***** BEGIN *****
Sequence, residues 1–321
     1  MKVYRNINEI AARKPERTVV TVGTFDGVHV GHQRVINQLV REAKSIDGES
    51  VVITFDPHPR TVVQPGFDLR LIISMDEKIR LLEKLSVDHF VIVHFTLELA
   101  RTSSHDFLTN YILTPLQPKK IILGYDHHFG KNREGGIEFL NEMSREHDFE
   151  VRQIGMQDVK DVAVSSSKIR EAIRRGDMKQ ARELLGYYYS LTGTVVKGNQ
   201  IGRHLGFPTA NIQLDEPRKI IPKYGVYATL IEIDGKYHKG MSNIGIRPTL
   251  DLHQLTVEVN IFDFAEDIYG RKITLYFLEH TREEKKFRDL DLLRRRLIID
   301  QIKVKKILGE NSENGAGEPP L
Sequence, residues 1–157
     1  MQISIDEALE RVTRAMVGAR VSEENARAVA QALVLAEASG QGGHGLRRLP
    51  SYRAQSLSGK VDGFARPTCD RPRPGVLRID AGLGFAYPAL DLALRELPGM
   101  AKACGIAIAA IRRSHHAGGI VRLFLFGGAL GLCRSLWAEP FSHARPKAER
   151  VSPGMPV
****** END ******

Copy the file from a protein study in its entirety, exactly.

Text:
Sequence, residues 1–321
     1  MKVYRNINEI AARKPERTVV TVGTFDGVHV GHQRVINQLV REAKSIDGES
    51  VVITFDPHPR TVVQPGFDLR LIISMDEKIR LLEKLSVDHF VIVHFTLELA
   101  RTSSHDFLTN YILTPLQPKK IILGYDHHFG KNREGGIEFL NEMSREHDFE
   151  VRQIGMQDVK DVAVSSSKIR EAIRRGDMKQ ARELLGYYYS LTGTVVKGNQ
   201  IGRHLGFPTA NIQLDEPRKI IPKYGVYATL IEIDGKYHKG MSNIGIRPTL
   251  DLHQLTVEVN IFDFAEDIYG RKITLYFLEH TREEKKFRDL DLLRRRLIID
   301  QIKVKKILGE NSENGAGEPP L
Sequence, residues 1–157
     1  MQISIDEALE RVTRAMVGAR VSEENARAVA QALVLAEASG QGGHGLRRLP
    51  SYRAQSLSGK VDGFARPTCD RPRPGVLRID AGLGFAYPAL DLALRELPGM
   101  AKACGIAIAA IRRSHHAGGI VRLFLFGGAL GLCRSLWAEP FSHARPKAER
   151  VSPGMPV